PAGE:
When you’re looking for a new rental, there are a lot of considerations that will go into how much you want to spend. Not only is there the question of how housing costs fit into your budget as a whole, you have to look at what the final cost of the house might be.
There are a number of expenses that can be influenced by your house along with the rent itself. For one thing, the utilities may not all be covered. You’ll need to be clear on exactly what the rent includes, which may be limited to either water or electricity or may even be nothing at all. Remember that any phone or cable accounts you sign up for will also not be covered. Once you’ve talked with your prospective landlord about what’s covered, you can talk to the utility company in the area you’re moving to about what the average charges are. Ask about how high power bills can get at the worst part of summer, or heating in the winter. You might even be able to get a history for the specific property you’re looking at. This is also a good chance to look for a better cable deal.
The neighbourhood in which the house is located will also affect overall costs. The most obvious of these is transportation. When looking at houses farther out in the suburbs, think about how much more you might wind up spending on gas, or on parking while driving around the neighbourhood. Those costs can add up significantly, so you’ll want to add that into the equation when comparing rent costs in different areas. This is another part of considering what your new daily commute might be. You’ll also want to look at the general cost of living in the area—what kinds of prices do the nearest grocery stores have? Will it be easy to find clothes on sale? This kind of cost can have a real impact on your budget as a whole.
If you have any questions related to the neighbourhood your are looking to prospectively rent in, you can get local and expert opinions here.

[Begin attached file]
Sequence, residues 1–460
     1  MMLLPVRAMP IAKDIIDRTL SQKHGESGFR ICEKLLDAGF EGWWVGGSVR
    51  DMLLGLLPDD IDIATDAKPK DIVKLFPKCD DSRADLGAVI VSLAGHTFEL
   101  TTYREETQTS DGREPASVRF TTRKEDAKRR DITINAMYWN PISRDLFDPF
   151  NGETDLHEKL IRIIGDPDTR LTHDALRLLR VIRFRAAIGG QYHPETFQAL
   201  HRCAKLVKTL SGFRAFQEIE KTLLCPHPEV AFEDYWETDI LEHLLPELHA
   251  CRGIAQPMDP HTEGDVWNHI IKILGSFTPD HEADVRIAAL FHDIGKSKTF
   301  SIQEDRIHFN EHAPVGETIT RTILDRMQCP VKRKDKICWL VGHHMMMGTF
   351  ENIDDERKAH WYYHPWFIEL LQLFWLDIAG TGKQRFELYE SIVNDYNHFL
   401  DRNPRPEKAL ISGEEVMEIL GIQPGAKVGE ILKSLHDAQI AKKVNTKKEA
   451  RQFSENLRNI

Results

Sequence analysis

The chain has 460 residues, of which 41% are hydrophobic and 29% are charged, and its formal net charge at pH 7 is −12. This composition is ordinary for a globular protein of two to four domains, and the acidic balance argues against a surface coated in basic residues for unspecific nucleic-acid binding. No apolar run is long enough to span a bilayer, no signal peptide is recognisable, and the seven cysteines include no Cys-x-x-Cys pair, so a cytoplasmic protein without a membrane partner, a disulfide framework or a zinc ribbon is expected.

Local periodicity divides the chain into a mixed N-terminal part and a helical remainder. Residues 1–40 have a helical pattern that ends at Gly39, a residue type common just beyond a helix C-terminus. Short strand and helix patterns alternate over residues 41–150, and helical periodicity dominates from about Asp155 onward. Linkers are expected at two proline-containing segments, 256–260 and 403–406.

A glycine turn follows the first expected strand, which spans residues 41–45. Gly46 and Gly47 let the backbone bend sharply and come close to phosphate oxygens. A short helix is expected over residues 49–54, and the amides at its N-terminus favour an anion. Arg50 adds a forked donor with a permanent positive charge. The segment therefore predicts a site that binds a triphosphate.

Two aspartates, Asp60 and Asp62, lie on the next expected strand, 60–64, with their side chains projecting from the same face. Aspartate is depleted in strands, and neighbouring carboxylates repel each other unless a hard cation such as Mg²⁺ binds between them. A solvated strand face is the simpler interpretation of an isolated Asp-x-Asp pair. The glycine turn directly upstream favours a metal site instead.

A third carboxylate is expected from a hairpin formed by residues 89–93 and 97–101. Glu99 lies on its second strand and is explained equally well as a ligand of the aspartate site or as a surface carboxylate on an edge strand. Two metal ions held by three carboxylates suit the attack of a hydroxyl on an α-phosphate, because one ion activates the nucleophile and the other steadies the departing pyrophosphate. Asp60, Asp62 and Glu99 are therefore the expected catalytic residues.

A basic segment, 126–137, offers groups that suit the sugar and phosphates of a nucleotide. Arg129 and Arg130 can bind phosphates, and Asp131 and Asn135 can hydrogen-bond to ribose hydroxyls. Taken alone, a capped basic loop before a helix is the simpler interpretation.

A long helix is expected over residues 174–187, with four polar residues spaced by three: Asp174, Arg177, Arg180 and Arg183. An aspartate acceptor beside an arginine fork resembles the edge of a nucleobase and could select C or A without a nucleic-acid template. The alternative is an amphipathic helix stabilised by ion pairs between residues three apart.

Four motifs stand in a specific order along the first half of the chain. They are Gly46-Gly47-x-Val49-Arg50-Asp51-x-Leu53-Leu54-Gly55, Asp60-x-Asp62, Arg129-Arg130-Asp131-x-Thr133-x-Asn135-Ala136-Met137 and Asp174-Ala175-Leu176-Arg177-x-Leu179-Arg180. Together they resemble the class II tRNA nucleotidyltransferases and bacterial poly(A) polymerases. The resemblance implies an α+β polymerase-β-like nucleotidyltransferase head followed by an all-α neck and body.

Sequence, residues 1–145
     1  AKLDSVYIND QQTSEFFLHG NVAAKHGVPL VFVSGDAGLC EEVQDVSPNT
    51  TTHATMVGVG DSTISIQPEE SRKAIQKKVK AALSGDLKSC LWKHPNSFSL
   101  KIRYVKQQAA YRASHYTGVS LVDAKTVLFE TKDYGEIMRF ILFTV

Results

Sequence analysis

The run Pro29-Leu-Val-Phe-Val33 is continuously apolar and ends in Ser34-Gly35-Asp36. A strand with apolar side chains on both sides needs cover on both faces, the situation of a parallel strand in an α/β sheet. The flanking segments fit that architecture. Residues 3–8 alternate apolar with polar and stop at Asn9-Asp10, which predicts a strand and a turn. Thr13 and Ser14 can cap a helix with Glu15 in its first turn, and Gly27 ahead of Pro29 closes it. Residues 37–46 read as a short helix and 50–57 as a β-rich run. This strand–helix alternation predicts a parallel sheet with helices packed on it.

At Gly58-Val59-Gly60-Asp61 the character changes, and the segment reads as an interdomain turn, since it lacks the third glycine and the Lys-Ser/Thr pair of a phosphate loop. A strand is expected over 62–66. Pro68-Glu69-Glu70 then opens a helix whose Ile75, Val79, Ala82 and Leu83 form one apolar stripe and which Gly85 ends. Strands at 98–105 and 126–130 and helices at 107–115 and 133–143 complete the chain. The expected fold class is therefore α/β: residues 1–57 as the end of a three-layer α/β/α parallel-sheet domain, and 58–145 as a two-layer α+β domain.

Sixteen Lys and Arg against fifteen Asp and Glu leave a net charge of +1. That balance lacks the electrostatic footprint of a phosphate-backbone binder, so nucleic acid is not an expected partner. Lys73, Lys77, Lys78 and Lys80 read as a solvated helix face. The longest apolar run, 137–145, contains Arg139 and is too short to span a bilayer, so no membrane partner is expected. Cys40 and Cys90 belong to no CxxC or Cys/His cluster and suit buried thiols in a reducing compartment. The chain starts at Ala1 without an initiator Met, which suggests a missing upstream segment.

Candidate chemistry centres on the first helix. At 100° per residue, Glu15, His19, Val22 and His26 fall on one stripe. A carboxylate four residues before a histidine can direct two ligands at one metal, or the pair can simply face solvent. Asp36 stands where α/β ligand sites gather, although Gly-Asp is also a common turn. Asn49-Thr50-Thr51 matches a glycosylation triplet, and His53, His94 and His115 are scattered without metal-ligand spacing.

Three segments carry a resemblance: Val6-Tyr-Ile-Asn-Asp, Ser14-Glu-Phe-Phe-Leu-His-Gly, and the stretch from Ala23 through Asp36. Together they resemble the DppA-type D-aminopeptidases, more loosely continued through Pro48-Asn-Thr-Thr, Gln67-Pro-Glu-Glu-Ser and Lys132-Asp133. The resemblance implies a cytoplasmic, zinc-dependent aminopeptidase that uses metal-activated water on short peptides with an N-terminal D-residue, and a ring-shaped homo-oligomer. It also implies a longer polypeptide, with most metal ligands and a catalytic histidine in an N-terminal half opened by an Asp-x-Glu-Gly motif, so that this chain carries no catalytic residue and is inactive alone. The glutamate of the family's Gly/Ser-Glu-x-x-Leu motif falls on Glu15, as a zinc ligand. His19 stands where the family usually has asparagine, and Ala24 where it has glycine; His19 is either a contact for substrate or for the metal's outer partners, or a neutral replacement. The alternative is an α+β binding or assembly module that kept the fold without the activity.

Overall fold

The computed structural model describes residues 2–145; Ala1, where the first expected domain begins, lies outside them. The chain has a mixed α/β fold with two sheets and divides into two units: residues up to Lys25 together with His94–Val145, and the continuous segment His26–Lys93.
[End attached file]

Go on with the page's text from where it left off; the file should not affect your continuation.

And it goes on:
Of course, early in the process it’s important to have a clear sense of your budget to know what kind of expenses you can accommodate. First, list all of your regular income. You might want to be conservative with this. If you’re considering income sources like investments and retirement funds, only include as much money as would be readily available for you to spend directly. You probably won’t want to include money that you’re keeping in long-term savings.
Next, you’ll want to list expenses. Separate optional spending out of disposable income from necessary spending, and think about which costs are fixed and which you might be able to lower without cutting out entirely. Be honest with yourself; look at your past spending to get a real picture. Think realistically about what costs you can cut down, and also take into account that you’ll want to keep saving a bit on a regular basis. Using budgeting software can help you sort out your spending patterns in order to improve or at least recognise them. Generally, most experts recommend that you only spend about a third of your income on housing, so spend some time shopping around to find the best deal.
Now that you've got these tips under your belt it's time to search! You can start with the 5 most glamorous rentals now available on Homely here.